10 Sep With The History Of Lies In Customer Service, How Do You Build An Authentic Customer Relationship?
A history of lies makes it hard to build a lasting relationship. That applies to businesses and customers, not just families and friends. How do you build an authentic customer relationship in a business climate known for manipulating customers?
Authenticity and Transparency
You’re not doomed by the customer service cycle of lies, but you need to understand how to evolve your customer experience to build an authentic customer relationship.
These two concepts often get mashed together. They aren’t the same thing.
Authenticity is a truthful presentation of self/brand. Your customers want to know who you are and if your values are in line with theirs.
Inauthentic is essentially fake:
- Saying one thing then doing another. Claiming that you value your customers, then treating them badly
- Misrepresenting your company
Authentic is when your words and actions match:
- Saying your customers are important and valuing them at every touchpoint
- Stating your brand beliefs, vision and backing it up with your practices
Survey’s like Stackla’s 2017 Consumer Content Report indicated 86% of consumers think authenticity is important in deciding what brands to use. Their 2018 report increased that stat to 90%.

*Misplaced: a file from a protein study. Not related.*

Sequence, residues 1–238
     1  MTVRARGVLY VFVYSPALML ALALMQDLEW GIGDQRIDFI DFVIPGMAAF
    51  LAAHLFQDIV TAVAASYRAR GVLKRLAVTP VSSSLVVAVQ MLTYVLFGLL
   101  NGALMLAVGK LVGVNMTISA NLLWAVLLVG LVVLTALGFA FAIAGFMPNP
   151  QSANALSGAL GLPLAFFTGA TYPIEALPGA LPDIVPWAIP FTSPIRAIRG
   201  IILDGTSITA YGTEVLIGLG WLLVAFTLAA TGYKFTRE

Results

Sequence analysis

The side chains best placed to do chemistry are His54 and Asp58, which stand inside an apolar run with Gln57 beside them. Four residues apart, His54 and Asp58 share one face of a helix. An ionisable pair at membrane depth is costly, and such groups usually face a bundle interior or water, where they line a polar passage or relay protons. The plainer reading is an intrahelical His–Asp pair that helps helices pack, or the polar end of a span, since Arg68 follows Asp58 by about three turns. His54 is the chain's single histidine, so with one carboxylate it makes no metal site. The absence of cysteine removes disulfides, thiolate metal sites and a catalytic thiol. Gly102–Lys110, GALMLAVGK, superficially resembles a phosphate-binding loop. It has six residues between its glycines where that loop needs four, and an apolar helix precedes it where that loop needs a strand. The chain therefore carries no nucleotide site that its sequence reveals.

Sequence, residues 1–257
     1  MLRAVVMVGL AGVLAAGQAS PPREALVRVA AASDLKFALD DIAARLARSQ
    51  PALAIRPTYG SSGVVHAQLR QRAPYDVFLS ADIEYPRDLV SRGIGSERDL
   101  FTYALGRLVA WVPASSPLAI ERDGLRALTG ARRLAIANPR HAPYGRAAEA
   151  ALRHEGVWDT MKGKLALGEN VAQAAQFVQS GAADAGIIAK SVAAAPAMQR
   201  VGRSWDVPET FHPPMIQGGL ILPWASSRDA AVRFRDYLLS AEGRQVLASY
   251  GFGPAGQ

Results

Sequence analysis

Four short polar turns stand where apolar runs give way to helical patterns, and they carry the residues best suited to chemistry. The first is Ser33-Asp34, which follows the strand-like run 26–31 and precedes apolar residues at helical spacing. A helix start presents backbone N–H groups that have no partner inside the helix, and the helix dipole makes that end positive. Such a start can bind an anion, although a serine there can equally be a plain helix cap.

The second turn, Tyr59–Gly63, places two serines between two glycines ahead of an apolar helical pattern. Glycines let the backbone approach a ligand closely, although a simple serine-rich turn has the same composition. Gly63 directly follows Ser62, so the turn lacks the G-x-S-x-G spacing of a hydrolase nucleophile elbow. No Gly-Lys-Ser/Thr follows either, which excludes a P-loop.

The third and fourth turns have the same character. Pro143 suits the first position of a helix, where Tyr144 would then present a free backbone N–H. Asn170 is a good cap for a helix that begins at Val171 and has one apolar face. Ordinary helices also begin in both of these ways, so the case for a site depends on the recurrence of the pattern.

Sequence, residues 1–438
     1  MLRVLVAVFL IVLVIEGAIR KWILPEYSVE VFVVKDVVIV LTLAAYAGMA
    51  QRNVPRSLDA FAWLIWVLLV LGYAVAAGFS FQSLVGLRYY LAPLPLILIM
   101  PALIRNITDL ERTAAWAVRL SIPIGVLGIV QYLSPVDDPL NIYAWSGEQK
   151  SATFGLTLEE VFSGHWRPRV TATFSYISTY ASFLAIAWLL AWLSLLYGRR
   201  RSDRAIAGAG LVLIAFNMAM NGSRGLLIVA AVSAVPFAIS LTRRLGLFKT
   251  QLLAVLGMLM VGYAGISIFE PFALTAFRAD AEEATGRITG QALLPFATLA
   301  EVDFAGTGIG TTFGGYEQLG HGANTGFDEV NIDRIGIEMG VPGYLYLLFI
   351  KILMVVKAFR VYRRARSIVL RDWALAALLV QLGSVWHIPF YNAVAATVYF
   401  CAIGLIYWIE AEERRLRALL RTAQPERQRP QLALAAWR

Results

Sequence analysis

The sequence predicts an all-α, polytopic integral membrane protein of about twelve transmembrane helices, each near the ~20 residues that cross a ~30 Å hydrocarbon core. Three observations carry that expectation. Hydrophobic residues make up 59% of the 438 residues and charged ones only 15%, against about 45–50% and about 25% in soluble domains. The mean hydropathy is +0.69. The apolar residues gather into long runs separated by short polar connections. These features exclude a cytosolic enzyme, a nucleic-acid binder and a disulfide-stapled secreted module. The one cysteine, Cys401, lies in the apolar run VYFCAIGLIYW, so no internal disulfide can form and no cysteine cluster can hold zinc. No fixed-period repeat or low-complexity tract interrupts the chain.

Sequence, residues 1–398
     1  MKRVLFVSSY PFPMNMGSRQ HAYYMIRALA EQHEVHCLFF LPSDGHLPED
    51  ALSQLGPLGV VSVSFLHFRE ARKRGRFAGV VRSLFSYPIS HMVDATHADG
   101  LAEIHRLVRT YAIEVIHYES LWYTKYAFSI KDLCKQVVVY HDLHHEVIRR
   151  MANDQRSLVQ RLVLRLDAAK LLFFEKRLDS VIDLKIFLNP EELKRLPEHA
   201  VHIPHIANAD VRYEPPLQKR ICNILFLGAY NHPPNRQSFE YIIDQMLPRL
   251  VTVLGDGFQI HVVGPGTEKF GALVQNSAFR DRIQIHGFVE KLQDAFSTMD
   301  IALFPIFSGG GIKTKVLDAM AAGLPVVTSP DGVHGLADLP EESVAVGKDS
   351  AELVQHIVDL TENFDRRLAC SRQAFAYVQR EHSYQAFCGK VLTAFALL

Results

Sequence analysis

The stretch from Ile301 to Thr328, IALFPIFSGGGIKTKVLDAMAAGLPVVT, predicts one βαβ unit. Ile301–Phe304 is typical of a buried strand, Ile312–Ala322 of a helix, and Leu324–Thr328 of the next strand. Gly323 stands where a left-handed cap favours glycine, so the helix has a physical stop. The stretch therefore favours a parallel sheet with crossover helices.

Pam Moore observes one of the problems with confusing transparency and authenticity: “They often end up in a branding cycle,where they never feel comfortable sharing. So they just end up sounding like corporate speak 24/7 – or they might do the opposite and share everything…”
Transparency is being able to see what is going on. The opposite of that is unclear, obfuscated. Examples of obfuscation:
- Hiding expiration dates, limitations and exclusions in the small print or overly long terms
- Omitting important information
- Ambiguous business practices and/or partners
- Using excessive legalese or confusing language
- Not disclosing how customer data in obtained and used
Transparency is the flipside of this:
- Fully informing the customer so they can make a confident decision
- Making business practices and partners public
- Obtaining consent from the customer to collect their data and detailing how it will be used and stored
This points to your brand voice. What is your company’s personality? This doesn’t mean you have to be a warm and fuzzy brand. Just be clear about who you are and back it up with how your business runs and behaves across the board.
You can have a playful voice and still prioritize sustainability in your business practices, like fashion line Zero Waste Daniel.
A brand that makes cost saving for both their business and their customer the main driving factor may have a practical voice.
It isn’t about right and wrong, healthy or unhealthy. Consumers want different products and experiences. Some people want six pack abs, a lean diet and no distractions. Some people want full fat, straight up indulgence at each meal and love a good laugh. Who is your customer? Knowing that answer helps you build an authentic customer relationship.